American History And Intolerable Acts
Just after the famous Boston Tea Party in December 1773, the British imposed a series of restrictions that came to be known as the Intolerable Acts. Although five laws were passed, just four laws are considered as Intolerable Acts.
These laws were passed by the British parliament in 1774 with the hope of making an example of the citizens of Massachusetts for their disobedience. The British hoped that the Acts would discourage other colonies from opposing the British rule. Unfortunately, the Intolerable Act had an opposite effect on the colonies and they ended up uniting all the colonies against the British.
The British closed the Boston Harbor with the Boston Port Act until people of Boston paid for the lost tea and required tax.
The Massachusetts Government Act abolished the Massachusetts elected government council and replaced it with members appointed by the King. The governor of was given sweeping powers and had the ability to control public meetings.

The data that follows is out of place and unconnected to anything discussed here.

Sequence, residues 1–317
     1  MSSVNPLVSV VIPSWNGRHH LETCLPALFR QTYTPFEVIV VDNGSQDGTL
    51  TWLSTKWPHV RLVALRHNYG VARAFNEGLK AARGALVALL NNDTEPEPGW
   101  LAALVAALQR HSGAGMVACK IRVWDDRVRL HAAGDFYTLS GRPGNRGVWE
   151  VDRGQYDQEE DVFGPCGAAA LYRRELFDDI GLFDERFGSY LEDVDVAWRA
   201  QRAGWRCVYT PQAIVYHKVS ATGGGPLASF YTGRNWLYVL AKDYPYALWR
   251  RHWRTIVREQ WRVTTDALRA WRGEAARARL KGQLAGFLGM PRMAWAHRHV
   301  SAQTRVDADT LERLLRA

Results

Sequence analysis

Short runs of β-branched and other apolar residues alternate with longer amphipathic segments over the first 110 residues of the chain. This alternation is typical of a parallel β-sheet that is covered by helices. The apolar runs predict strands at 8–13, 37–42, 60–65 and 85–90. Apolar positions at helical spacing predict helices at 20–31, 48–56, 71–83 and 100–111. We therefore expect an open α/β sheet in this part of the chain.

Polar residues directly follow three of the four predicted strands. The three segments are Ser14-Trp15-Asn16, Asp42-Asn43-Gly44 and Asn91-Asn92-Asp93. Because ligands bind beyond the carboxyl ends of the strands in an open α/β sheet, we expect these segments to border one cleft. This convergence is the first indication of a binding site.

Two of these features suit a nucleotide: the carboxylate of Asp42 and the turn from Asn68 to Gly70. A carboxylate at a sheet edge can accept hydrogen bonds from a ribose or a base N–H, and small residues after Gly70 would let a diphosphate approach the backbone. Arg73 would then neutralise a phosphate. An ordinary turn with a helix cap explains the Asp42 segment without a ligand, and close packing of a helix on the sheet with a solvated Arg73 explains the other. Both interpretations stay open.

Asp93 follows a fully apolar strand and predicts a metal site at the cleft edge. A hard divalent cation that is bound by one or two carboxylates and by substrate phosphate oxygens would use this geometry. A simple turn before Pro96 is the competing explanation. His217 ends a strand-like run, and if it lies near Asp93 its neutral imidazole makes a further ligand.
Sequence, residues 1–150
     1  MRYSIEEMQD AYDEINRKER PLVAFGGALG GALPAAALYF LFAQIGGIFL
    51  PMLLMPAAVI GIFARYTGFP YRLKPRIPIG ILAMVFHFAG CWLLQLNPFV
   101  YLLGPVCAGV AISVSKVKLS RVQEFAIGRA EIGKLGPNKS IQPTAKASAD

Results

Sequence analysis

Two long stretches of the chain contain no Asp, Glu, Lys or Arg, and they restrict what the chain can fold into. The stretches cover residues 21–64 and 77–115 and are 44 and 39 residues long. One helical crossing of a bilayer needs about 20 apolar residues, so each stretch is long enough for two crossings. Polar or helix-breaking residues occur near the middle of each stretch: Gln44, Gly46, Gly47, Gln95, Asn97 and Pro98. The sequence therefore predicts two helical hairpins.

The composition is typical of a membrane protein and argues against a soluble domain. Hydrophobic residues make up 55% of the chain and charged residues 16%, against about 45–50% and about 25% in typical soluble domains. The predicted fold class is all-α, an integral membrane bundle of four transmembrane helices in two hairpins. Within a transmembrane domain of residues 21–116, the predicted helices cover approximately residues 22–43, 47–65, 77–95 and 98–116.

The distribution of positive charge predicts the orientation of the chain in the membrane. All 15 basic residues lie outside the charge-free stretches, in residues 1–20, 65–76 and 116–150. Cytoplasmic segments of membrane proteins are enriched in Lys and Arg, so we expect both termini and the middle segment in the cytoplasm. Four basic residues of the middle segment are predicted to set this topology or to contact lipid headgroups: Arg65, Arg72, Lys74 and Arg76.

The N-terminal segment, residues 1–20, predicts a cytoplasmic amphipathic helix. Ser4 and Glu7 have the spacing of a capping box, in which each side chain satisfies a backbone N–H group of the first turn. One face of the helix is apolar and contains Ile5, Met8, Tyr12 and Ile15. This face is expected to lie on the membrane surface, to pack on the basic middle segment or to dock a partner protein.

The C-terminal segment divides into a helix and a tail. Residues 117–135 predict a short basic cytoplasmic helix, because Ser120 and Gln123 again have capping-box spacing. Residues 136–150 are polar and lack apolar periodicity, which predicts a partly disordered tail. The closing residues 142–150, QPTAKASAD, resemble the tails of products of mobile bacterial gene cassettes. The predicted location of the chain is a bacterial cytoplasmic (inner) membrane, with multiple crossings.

The Justice Act was changed and this allowed people charged with violent crimes to be tried in England.
The Quartering Act was also changed and the British troops were to be housed in private homes.
Last but not the least, the Quebec Act was passed which extended the Canadian border up to Ohio River and thus doing away with the colonies claims to the land. This was done with a view of preventing the colonies from getting bigger and stronger. This Act was not in response to the Boston Tea Party so is not considered as a part of the Intolerable Acts.
The colonist viewed the Intolerable Acts as violation of their constitutional rights. The Acts were met with indignation and resistance, and were important steps that helped towards the growth of the American Revolution.
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